They look in the mirror and are disgusted, then, no more. Those people who succeed at this point make a life change, better diet, raw foods included I hope and exercise the whole lifestyle change ball of wax.
Just sharing my experience that nothing outside, nothing entices change.
It is an internal job and not getting that leaves open to blaming that outside source when folks do not follow through, if you get what I am saying.
Successful people succeed by taking 100% of the response-ability of their decision.
Got to close the barn door 100% or the ego will try to place blame for the failure to follow through elsewhere.
Anyway just my opinion based on my life changing experience. I also did it with diet. Was not fat, just blood sugar and cholesterol and what not almost killed me cause of a lousy lifestyle.
Now I raw food juice 2 times a day and never felt better.
Might be useful to ponder thoughts from people with experience changing and not listening to theorists who write about it but have never actually done anything like it themselves.
SP back to oxy production
Good points Scott. There has to be that inner drive/pain to change and at least the beginning of the urge to change something. I have been influenced in my own past to change though through being very lucky to have a few friends that had the courage to quietly tell me I had something I should consider correcting (the key is to do it in a time of calm, not fear/flight). It was not as critical as alcohol abuse but more about how I was treating others with disdain or disrespect at times.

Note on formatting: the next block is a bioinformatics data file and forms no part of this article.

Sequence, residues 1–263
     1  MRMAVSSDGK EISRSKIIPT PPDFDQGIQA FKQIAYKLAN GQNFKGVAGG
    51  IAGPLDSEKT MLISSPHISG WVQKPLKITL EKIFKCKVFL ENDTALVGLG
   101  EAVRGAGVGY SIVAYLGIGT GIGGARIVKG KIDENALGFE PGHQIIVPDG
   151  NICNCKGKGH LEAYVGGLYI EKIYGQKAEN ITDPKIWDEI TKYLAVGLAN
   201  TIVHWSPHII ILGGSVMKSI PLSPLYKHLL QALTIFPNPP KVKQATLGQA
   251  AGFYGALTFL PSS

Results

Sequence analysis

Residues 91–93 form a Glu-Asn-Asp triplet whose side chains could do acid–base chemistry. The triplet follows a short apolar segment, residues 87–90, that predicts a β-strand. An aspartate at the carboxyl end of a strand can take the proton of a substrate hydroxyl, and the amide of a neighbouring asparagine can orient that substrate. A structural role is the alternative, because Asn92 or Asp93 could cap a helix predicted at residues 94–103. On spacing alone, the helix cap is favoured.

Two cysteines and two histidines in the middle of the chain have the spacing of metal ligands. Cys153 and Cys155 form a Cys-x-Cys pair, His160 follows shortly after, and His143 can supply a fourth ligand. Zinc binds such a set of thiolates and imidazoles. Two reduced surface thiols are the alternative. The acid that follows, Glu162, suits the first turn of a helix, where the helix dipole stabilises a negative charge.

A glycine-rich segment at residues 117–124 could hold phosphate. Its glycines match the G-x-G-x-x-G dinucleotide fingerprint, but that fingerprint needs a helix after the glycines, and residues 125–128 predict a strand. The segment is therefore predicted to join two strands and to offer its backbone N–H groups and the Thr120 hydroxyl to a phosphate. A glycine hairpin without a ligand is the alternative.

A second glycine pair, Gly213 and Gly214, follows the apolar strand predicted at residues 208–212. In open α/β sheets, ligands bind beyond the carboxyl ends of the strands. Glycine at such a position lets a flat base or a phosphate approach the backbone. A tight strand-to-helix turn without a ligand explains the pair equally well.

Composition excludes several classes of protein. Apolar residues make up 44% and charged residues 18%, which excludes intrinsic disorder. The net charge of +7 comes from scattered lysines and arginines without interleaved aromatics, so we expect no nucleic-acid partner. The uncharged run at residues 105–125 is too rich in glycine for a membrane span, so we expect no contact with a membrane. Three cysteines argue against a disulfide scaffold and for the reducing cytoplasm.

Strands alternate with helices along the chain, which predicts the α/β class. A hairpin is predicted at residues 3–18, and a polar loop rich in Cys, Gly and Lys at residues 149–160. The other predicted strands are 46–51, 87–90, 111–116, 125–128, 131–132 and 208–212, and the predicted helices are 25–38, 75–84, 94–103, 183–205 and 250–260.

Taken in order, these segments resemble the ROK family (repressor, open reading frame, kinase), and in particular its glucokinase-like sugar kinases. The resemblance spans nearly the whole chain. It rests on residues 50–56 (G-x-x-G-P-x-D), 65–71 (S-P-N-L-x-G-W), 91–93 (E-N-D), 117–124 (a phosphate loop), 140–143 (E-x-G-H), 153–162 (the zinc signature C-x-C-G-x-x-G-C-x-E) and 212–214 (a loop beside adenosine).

“Response – ability” …my new mantra.
A Brilliant visual.
I believe number 5 is not only applicable to leadership but to communication with your family, children and spouse specifically. As a parent it is easy to talk at your children but forget as they grow to talk with them because we want them to become leaders also. For your spouse, this is a fine line that sometimes I fail. What a poignant reminder.
Thanks KaRee. Isn’t it funny how “with” changes everything. In my world, humility is essential to move from “at” to “with.” Best wishes.
Good morning Dqn This is a great list for leaders to reflect on to keep thier compass on true north. Your last several blogs make one thing perfectly clear, putting people first is the foundation of true leaderehip. Our talents, skills, abilities and accomplishments can thrust us into leadership positions. The opportunistic leader uses thier position to identify solid performance and empower thier people and their teams, inspiring them, teaching them, helping them to realize thier true potential. Cheers Dan
Just catching up with the national news on fox. Thier interviewing ‘Centurians’. Each are asked the secret to a successful satisfying life,, thier answer, “HELP OTHERS”!!!
Thanks Steve. Thanks for highlighting “people first.” Is there any other way to be a leader? 🙂
PS… love the “Help Others” approach. If you want to matter do things that make the life of others better.
Dan. Thanks for a great piece. I work with leaders in the field of Project Management. And one of the key aspects of PM is to take complex problems and tasks and simplify it into manageable simple smaller tasks, so number 3 resonates with me by default. Thanks again!
Thanks Coenie. The only way to move complex issues/projects forward is to create simple small tasks. Great add!
I find that small progress can be looked down on by people who want to do “big” things and make “big” progress. Rejecting small progress often results in stagnation.
Excellent, Dan. Nothing to add but a sincere “thank you”.
And, thank you to you, Marc!
A good leader lets others shine.
Thanks Yan. Takes humility doesn’t it.